16 May 2017

Free For All Tuesday - No. 328

So what questions or discussion points have you got for us today?

It doesn't matter if you are a beginner or a more experienced user of organisers, we want to hear your thoughts, questions, opinions etc.

Make today the one day you post a comment or a question.

It is Tuesday after all so fire away.


  1. What do you do when you fall off the planning wagon or you take a vacation and come back to a bazillion to dos that are somewhat overwhelming and induce paralysis than anything resembling progress? I know this has probably happened to everyone at some point :) so suggestions will be most welcome.

    1. I do a brain dump: get a full size piece of paper (or as many as you need)out of the printer tray and just start writing everything that comes to mind. Don't pause to organize or categorize, just get everything out of your head and onto the paper. Once you've written down everything you can think of, then transfer each item to your appropriate lists or schedule: action items, projects, errands, etc. I find this exercise extremely helpful to cut through the overwhelm and get me back on track.

    2. I agree with Laurie. Firstly, get everything in one place - or in as few places as possible (email inbox, big box for incoming papers, notepad or organiser. Then do the brain dump. Get it all down on one sheet of paper - or as many as it takes. Turn emails into written action points. Turn incoming papers into written action points - or discard, or file. Do NOT have a 'to file' folder.....it will be full in a few days and you'll have a major job to do to empty t. If it needs filing - file it. If not, discard straight away.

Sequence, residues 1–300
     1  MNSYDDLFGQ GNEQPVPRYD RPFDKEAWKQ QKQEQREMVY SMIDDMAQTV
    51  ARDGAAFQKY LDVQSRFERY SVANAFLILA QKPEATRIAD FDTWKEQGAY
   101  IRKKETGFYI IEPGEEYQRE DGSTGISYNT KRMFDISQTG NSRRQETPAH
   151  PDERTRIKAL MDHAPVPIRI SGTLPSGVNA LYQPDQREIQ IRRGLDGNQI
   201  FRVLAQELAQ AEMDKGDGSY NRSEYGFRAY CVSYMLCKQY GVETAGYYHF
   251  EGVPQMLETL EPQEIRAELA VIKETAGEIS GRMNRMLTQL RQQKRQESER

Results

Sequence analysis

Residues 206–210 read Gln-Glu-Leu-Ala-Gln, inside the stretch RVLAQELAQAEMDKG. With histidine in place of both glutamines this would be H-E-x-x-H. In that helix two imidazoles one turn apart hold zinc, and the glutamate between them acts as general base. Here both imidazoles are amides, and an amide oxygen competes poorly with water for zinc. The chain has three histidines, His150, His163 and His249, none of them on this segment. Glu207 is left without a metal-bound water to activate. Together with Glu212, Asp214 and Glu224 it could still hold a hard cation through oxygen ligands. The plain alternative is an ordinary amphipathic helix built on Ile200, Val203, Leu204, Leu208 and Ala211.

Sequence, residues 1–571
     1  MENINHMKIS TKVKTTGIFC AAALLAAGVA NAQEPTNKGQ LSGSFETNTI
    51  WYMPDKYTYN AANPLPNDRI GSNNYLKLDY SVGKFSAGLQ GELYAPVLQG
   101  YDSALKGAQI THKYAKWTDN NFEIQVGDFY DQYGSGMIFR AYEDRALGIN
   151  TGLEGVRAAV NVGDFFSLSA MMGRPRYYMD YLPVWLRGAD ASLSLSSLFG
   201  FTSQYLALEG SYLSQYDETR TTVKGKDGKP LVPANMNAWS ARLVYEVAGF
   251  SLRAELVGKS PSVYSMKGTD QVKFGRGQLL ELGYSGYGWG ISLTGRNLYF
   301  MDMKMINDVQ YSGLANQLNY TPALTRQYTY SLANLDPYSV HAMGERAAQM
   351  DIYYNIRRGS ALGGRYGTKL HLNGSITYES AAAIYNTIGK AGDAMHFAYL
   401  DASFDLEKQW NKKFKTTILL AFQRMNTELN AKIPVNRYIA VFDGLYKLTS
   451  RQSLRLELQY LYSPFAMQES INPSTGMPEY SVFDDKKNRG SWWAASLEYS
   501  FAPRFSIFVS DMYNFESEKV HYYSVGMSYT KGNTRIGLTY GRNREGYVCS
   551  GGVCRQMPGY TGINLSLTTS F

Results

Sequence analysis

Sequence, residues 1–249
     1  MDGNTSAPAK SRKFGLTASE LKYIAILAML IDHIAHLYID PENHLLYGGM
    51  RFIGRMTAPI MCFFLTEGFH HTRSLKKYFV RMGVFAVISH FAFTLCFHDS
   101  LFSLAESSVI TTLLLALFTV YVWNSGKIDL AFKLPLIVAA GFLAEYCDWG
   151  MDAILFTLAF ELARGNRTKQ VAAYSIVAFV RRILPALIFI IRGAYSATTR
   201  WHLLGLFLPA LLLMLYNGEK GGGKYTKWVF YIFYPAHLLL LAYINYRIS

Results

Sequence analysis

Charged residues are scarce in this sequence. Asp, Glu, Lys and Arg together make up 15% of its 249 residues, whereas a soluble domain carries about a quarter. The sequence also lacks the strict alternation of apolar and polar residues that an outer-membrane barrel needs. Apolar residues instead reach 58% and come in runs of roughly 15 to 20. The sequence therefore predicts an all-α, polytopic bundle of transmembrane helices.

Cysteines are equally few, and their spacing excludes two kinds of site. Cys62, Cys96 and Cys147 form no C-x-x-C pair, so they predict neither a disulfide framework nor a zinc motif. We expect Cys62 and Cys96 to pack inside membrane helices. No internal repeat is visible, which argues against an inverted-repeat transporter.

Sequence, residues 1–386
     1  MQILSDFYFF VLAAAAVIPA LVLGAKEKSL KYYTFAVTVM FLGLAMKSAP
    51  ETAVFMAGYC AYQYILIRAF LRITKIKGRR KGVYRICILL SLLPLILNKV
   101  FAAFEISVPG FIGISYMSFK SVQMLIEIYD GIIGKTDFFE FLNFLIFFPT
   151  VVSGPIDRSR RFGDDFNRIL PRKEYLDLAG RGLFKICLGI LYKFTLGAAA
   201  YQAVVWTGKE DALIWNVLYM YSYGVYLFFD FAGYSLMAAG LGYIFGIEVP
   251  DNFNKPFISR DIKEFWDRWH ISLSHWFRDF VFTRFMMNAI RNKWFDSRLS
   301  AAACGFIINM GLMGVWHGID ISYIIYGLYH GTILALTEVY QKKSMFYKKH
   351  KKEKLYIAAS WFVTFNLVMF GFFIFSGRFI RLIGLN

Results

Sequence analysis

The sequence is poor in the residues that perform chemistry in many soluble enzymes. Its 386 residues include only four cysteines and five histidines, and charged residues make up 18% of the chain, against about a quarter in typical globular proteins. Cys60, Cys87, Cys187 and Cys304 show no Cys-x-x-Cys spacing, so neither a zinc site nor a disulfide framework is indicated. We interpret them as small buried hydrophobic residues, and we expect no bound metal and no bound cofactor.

Then prioritise the action list. Block time in the diary for the major tasks, and block time for attacking the smaller tasks. Then - away you go........

  2. From blog.todoist.com :

    Paper doesn’t require booting time, passwords, or fingerprint scanning. Pens and pencils don’t require charging. Field Notes don’t crash. Bic pens are ready to write at a moment’s notice, whether you have 4G connectivity or not. Cheap spiral notebooks don’t need a lightning cable or a power brick.

    With paper, there’s no system to learn; no hot keys to memorize. Formatting is decided by the user and can be changed in an instant.

  3. As someone who has recently returned to the planner 'fold', I find that a pseudo-hybrid system works best for me. I have my calendar, contacts and to-do lists synchronised across my electronic devices (MacBook, iPad, iPhone) but I also keep paper printouts of my task lists and project plans as well as a printout of appointments for the current and next month in my A4 Buckingham. I took apart a cheap (£1.99) A4 DPP diary and have the current and next week also in the Buckingham and this gives me a page for daily planning, as well as a place to write stuff down "as it happens" (an Inbox in GTD terms) as well as where I write other stuff - akin to (but not quite) a journal.

    I tend to drive to most appointments (I'm a Financial Planner / Adviser) so the size of the A4 is not an issue but when I'm out and about I have a vintage slimline which goes everywhere with me and has lined paper in it as well as a couple of business cards and acts as my secondary GTD "Inbox". As an aside point, I'm trying to turn my slimline into my wallet as well, but need the leather CC and change holders if anyone is considering selling these items).

    As part of my weekly and daily reviews, I update both the electronic and paper lists - I tend to work off paper (no boot times, no chance of running out of battery, and it's quicker!), then update the electronic versions by marking as complete, entering new items etc - as it's easier to type on my MB than on an iPhone, but I need the reassurance of having my lists with me in case I need to refer to them when I don't have the A4 with me.

    It might not be the most elegant of setups, and I'm sure that people could suggest improvements, but it works for me - at least I think it does!